The firearm is a breechloading central-fire weapon, meaning that the cartridge is loaded into a chamber at the rear of the rifle. This enables the soldier to reload quickly and fire more rounds than the previous muzzle loading methods that required that the projectile be loaded down the barrel. A small lever operated and lowered the breechblock, and allowed a cartridge to be inserted into the chamber, which returned the lever to the former position and closed the breech. The breech is centrally pierced to accommodate the firing pin, which was driven forward by pulling the trigger. Lowering the lever ejected the fired cartridge and a new one could be placed. Thus, several more rounds a minute could be fired, and a soldier could remain in the crouched or prone position--clearly a benefit over the traditional muzzle-loading firearm!
The Martini-Henry weighs about nine pounds and is just over four feet in length. It fires a hardened lead bullet with a muzzle velocity of 1,350 feet per second, and the weapon is sighted for up to 1,000 yards. It was also the first English service rifle designed as a breechloading rifle. Later versions of the Martini-Henry improved upon the design by incorporating other rifling patterns, including the Metford System and even a system designed by Enfield. These later versions are often referred to as "Martini-Enfields" and "Martini-Metfords."
The first true Martini-Henry adopted for service in the British Army was designated the Mark I and entered into service in June 1871. Additional rifle variations followed and include the Mark II, Mark III and Mark IV, as well as an 1877 Carbine version. Variations of these later weapons included a Garrison Artillery Carbine, as well as Artillery Carbine Mark I, Mark II and Mark III. There were even versions smaller in size designed as training rifles for military cadets.
Originally, the British adopted the Short Chamber Boxer-Henry .45-caliber black powder cartridge--the one that Stanley Baker's Lt. Chard seems to h ave had so much faith in. Later, this was replaced by .402-caliber ammunition, and even the later .303-caliber. Because of upgrades of existing stockpiles of rifles and conversions, these weapons are found today in a variety of calibers. As these rifles tend to be well over 100-years old, firing them today should be done with extreme caution. As with any antique rifle, a competent gunsmith should inspect the weapon to certify that it is safe to shoot.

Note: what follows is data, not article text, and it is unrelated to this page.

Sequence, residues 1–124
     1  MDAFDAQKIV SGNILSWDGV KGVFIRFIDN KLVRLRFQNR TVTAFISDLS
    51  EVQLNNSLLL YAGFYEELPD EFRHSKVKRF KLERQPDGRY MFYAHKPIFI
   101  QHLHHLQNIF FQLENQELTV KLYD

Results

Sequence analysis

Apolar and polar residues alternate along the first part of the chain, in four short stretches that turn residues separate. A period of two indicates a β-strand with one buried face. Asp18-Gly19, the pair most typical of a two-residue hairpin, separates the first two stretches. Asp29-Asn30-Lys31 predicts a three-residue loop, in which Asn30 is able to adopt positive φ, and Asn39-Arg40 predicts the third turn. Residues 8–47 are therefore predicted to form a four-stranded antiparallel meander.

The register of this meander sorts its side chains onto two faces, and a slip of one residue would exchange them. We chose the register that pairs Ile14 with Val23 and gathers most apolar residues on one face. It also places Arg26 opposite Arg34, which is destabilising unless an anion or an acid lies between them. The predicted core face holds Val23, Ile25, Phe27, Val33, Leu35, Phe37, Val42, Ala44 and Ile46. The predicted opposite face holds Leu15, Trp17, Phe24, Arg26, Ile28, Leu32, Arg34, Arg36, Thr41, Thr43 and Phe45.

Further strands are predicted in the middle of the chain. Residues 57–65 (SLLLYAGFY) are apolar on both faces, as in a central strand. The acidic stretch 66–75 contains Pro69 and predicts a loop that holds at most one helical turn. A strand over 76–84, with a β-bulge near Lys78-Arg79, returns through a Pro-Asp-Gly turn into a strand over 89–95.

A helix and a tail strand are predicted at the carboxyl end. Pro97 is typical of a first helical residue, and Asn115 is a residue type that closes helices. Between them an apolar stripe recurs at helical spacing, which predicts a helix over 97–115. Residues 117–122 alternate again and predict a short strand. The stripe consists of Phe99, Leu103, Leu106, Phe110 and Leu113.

Defending the Empire
What has made the Martini-Henry such a durable, and collectible, piece is the fact that it was an extremely well designed firearm for its day. It was not revolutionary, but firearms don't have to be revolutionary to be successful. "It pains me to say this, but the Martini-Henry did not really usher in any major technological strides in terms of firearm design," emphasizes Atkin, who suggests that the weapon was rather Milquetoast. "The biggest headline about the Martini-Henry is that it was the British Army's first true breechloading cartridge rifle."
Atkin further stresses that the ease of manufacture, which the British were sticklers for, resulted from a rifle design that used the least amount of moving parts possible. The simplistic design made these rifles cheaper and easier to build and, more importantly, offered improved rate of fire and superior accuracy. "Remember, by the time of the Martini's introduction into service, repeating rifles such as the Winchester were widely available," explains Atkin, who adds that the British found the popular American rifle too complex and unreliable to consider for widespread military issuance. "They also did not care for the puny ballistic characteristics of these repeaters."
For Queen Victoria's little wars around the globe, the rifles, single shot as these were, would be suitable against the various forces that the British Army faced in the field. "It was more or less the last of the line of semi-craftsman's rifles that had a big bore and a 'big bite,'" suggests Gary Jucha. After the Martini-Henry, the nations of Europe turned to smaller caliber mass-produced weapons that could fire at a faster rate but lacked the big, heavy rounds. "It was the end of the era."
The Martini-Henry saw service around the world, but mostly under the Union Jack, as the rifle was exclusively in the service of Great Britain. "However, Martini variants were used by a plethora of countries," adds Atkin. The short list includes Afghanistan, Austria, Belgium, Turkey, Japan, Romania, Nepal, Egypt and the Sudan.